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NORRISTOWN, Pa. (Reuters) - Prosecutors in entertainer Bill Cosby's sex assault trial on Thursday were expected to present a psychological expert who will testify that inconsistencies in his accusers' accounts are normal because sexual trauma victims often have trouble recalling certain details.
The expert witness was also expected to tell jurors that such victims' behavior may seem illogical to outside observers.
The prosecution counter-move was expected on the trial's fourth day, after Cosby's defense tried to cast doubt on the 79-year-old comedian's accusers by pointing out inconsistencies in their accounts over the years.
Kelly Johnson and Andrea Constand have told jurors hearing the case in Norristown, Pennsylvania, that Cosby drugged and violated them.
Constand, a former administrator for the women's basketball program at Cosby's alma mater, Temple University, has accused Cosby of drugging and sexually assaulting her in his Philadelphia-area home in 2004.
Cosby, star of the 1980s television hit "The Cosby Show," has faced similar allegations from dozens of women. He has denied all of the claims.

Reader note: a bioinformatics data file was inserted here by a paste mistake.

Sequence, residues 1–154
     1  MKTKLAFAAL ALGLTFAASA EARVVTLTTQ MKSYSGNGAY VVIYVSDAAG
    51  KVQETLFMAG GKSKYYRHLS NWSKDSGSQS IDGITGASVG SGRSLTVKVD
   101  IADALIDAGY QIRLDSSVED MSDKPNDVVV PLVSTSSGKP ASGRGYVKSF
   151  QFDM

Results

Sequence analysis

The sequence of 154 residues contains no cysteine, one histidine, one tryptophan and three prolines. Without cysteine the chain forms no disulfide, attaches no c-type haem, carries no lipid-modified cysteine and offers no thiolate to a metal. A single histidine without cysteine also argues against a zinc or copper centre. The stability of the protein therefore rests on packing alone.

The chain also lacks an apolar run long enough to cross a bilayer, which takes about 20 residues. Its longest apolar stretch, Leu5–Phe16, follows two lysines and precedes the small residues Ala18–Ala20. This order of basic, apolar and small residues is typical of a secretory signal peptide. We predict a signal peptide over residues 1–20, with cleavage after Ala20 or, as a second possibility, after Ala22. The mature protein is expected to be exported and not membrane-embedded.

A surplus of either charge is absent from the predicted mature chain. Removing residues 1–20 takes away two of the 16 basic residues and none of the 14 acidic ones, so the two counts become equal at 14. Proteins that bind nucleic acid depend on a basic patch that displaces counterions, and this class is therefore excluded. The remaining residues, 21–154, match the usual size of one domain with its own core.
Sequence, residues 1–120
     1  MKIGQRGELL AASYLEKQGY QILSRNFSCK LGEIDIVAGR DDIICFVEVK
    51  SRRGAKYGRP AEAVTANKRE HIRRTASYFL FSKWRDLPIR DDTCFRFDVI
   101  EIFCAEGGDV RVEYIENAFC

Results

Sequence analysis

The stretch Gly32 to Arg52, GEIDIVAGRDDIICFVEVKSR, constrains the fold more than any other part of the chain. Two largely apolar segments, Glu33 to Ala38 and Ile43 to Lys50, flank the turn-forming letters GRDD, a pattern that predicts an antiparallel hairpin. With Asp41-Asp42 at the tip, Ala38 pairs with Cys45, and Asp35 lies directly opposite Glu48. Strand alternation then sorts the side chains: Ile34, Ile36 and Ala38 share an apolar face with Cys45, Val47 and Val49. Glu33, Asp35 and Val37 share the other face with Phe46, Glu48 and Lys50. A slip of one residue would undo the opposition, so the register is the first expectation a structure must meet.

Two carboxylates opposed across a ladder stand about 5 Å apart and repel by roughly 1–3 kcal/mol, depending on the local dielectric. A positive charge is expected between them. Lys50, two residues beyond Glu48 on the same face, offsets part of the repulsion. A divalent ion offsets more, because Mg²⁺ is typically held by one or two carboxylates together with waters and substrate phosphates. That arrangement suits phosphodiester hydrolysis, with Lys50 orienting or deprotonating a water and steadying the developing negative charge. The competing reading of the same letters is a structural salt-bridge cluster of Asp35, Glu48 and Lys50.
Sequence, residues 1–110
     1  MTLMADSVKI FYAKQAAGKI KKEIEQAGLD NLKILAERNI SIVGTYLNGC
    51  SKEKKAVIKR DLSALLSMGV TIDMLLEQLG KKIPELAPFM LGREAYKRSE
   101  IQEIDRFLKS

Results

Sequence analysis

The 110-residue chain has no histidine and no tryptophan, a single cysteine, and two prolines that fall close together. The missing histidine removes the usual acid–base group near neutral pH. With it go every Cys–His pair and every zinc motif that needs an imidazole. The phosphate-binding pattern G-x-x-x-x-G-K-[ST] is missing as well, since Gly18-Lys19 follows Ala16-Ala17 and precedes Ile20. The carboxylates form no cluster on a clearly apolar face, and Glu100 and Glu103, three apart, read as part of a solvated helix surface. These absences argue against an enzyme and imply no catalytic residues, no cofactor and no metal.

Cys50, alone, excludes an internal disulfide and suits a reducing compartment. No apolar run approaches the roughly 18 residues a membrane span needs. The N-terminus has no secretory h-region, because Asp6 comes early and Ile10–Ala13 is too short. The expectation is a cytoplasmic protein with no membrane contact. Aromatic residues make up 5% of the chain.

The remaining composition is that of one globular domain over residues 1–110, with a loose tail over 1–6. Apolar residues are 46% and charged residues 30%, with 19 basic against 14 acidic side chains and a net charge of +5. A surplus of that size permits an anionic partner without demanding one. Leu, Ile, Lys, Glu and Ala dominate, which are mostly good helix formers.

The trial is centered on Constand's accusation, the only one against Cosby to result in criminal charges.
Prosecutors called Johnson to try to persuade jurors that Cosby engaged in a pattern of abuse. Like Constand, Johnson has accused Cosby of drugging and violating her, in her case at a Los Angeles hotel in 1996.
Cosby's lawyers have emphasized discrepancies in both women's accounts. A lawyer who worked for Cosby's former talent agency, where Johnson worked at the time, said she previously testified that the incident occurred in 1990, not 1996.
Constand gave several inconsistent statements to police in 2005, when she first reported the incident, telling officers she had never been alone with Cosby before and changing her estimate of when the assault occurred.
Constand testified that she made mistakes prompted by the difficulty of remembering every detail under extreme emotional stress.
Defense lawyers have also pointed to dozens of calls she made to Cosby in the weeks after the incident and suggested her previous encounters with him, including a private dinner by the fire at his home, were romantic.
Constand said she viewed Cosby as a mentor and friend and maintained contact with him due to her position at Temple, where Cosby was a trustee and the school's most celebrated alumnus.
Reporting by Joseph Ax; Editing by Scott Malone and Jonathan Oatis